For 30 years, Glenn Ford never experienced the cold feel of a glass on his lips as he took a drink of water. He never ate with silverware, opened his own door or made decisions about his movements.
He’s doing those things now after being released from prison earlier this month after serving 30 years on Louisiana’s Death Row at the state’s notorious Angola Prison for a crime he did not commit. Since 1985, he’s been locked away in a single-occupant cell with only a television to keep him company.
Ford was convicted by an all-White jury in 1984 for the November 1983 murder of Isadore Rozeman, a White jeweler for whom Ford had done yard work.
Pleadings filed in 2012 by Ford’s attorneys at the Capital Post-Conviction Project of Louisiana (CPCPL), and obtained by the AFRO, detail how prosecutors withheld evidence implicating other suspects in the case from Ford’s defense team and used peremptory challenges to exclude Blacks from the jury. CPCPL also presented evidence as to the professional incompetence of Ford’s court-appointed trial counsel.
The pleadings also highlight the general tone of racial discrimination that permeated Ford’s court proceedings. For example, during the jury selection process, the court reporter transcribed the responses of White jury candidates as ‘yes sir,’ while transcribing the responses of Black candidates as ‘yes suh.’ Of the prosecution’s eight peremptory challenges, six were used to exclude Black candidates from the jury. For his trial, Ford’s peers would be all-White.
“That was no accident,” said Gary Clements, the attorney for Ford and director of the CPCPL. “The [District Attorney] kicked Black potential jurors off the case in a fashion that we believe was completely unconstitutional.”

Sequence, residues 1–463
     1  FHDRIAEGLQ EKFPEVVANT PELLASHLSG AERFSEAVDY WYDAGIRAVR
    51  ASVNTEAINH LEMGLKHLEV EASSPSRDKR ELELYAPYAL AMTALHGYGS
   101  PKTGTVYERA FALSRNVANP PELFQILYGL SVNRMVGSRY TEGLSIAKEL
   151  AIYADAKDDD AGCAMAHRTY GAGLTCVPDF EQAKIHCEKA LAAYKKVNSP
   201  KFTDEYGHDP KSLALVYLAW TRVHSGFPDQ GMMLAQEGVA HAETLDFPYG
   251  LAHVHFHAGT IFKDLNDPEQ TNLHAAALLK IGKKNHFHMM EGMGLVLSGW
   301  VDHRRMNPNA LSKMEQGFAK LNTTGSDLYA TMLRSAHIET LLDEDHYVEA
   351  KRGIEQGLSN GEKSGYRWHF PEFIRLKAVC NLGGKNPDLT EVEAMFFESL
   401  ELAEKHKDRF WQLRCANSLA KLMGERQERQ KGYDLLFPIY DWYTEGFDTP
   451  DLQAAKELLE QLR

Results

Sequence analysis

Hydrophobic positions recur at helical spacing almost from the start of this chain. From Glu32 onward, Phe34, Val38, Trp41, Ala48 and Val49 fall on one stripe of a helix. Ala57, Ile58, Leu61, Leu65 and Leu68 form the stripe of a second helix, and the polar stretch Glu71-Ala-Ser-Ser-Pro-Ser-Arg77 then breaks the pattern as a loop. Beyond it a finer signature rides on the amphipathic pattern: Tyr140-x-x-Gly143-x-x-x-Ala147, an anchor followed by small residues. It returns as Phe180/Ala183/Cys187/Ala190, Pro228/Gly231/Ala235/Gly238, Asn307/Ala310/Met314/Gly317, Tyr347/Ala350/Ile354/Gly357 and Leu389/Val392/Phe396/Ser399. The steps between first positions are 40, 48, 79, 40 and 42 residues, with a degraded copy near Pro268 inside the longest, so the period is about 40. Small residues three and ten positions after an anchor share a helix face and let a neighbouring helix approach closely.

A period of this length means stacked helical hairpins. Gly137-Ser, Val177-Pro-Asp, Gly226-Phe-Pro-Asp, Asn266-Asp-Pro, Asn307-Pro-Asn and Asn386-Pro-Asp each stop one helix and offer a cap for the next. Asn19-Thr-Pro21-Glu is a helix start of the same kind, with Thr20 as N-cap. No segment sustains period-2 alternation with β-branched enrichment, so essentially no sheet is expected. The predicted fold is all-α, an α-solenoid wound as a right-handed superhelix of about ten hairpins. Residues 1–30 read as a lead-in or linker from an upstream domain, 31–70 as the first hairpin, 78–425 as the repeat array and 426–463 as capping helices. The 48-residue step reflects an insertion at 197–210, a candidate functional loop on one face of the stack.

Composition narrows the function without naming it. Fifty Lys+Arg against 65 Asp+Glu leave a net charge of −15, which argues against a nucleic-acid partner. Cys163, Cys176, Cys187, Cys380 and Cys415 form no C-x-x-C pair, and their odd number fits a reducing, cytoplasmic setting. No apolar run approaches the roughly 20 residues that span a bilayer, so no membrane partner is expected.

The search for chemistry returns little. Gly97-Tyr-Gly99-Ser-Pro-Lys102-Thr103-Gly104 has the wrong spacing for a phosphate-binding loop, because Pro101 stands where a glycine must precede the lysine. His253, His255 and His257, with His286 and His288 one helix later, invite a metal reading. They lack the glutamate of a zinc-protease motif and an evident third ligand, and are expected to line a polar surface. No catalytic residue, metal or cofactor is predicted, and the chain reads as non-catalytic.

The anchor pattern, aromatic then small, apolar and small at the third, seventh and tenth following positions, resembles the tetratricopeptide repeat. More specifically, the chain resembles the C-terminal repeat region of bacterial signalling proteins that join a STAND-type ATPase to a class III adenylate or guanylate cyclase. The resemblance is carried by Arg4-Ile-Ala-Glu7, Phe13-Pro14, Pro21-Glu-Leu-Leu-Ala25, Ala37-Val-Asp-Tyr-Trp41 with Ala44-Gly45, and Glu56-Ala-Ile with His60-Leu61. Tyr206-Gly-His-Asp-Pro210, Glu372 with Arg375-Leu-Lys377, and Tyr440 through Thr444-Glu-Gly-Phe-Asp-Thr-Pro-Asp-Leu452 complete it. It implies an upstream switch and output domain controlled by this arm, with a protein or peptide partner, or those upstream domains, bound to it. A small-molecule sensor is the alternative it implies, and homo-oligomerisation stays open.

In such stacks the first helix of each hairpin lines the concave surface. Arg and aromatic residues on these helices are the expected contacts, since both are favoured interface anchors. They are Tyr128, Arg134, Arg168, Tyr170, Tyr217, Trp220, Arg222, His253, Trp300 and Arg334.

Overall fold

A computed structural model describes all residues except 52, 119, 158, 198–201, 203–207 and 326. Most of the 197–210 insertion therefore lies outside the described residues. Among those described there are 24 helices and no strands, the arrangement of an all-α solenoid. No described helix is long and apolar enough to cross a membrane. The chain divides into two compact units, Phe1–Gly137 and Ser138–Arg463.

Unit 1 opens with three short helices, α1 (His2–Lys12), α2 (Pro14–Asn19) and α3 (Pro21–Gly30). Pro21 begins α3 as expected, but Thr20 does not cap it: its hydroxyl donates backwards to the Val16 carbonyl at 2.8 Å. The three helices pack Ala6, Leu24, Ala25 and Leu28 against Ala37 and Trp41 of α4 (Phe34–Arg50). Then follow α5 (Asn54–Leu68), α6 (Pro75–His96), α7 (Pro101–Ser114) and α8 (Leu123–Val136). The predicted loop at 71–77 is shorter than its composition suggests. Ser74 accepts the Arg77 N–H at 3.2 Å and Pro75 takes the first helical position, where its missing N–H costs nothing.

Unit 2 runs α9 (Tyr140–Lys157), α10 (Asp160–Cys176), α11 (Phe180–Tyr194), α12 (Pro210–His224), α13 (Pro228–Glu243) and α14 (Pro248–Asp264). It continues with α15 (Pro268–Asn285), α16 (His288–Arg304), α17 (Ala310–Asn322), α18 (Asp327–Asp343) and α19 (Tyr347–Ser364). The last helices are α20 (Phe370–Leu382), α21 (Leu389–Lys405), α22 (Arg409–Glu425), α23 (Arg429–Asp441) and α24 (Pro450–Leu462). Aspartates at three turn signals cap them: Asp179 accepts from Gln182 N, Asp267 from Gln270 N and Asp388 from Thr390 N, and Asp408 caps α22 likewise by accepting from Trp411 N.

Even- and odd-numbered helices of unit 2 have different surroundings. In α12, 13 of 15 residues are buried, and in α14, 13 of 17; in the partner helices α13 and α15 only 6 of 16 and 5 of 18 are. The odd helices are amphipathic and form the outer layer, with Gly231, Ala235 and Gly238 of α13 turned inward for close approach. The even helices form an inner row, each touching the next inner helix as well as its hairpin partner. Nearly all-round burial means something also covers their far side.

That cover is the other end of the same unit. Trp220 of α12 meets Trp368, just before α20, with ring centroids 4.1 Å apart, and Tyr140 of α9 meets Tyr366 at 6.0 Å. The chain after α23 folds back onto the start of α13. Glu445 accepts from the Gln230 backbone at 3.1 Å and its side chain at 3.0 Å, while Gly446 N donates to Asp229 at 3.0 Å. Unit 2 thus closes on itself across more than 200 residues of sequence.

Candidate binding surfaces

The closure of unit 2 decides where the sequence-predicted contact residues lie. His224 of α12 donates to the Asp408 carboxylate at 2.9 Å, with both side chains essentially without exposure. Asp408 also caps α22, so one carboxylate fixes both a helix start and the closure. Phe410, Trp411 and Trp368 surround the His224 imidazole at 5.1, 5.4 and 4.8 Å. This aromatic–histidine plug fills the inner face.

Neither of the two attorneys appointed by the court to handle the guilt and penalty phases of Ford’s 1984 trial had any trial experience—civil or criminal, Clements said. Ford’s lead counsel during the guilt phase of the trial was a transactional attorney specializing in oil and gas deals. His counsel for the penalty phase was a personal injury attorney only two years out of law school. The attorney’s were paid the equivalent of $2.63 an hour from the state of Louisiana.
Christopher Bracey, a law professor at the George Washington University Law School, and an expert in race relations and criminal procedure, explained that while in 1984 the U.S. Supreme Court established the requirement that poor defendants receive court appointed counsel in a case known as Strickland v. Washington, the bar for what is considered effective representation is extremely low.
“It’s lawyers who are actually setting the bar,” he said. “If they set the bar too high, they would be subjecting themselves to the possibility of being declared ineffective counsel in any number of cases. The incentive among lawyers would be to lower that standard to make sure that it can be more easily met.”
Even though a challenge under Strickland was attempted on Ford’s behalf not long after his initial conviction, the generally low standard for effectiveness of counsel ensured that Ford remained on Death Row.
In late 2013, the Caddo Parish District Attorney’s office contacted Ford’s attorneys at the CPCPL after a confidential informant testified before a grand jury and indicated that another man, not Ford, was responsible for Rozeman’s murder back in 1983.
On March 11, 2014, at the age of 64—one year before he becomes eligible to receive Social Security federal retirement benefits calculated on the basis of lifetime earnings—Glenn Ford walked out of prison.
His knees shot, Ford left with a debit card that contained his accumulated net wealth, $20.04, and two medium-sized boxes containing all his worldly possessions.
Less than a month after his release, Ford has not yet spoken with the media. He’s adjusting to life outside of prison walls, Clements said.
Soon, a new team of attorneys will attempt to get him some measure of compensation from the state of Louisiana for losing almost half of his life behind bars for a crime he didn’t commit
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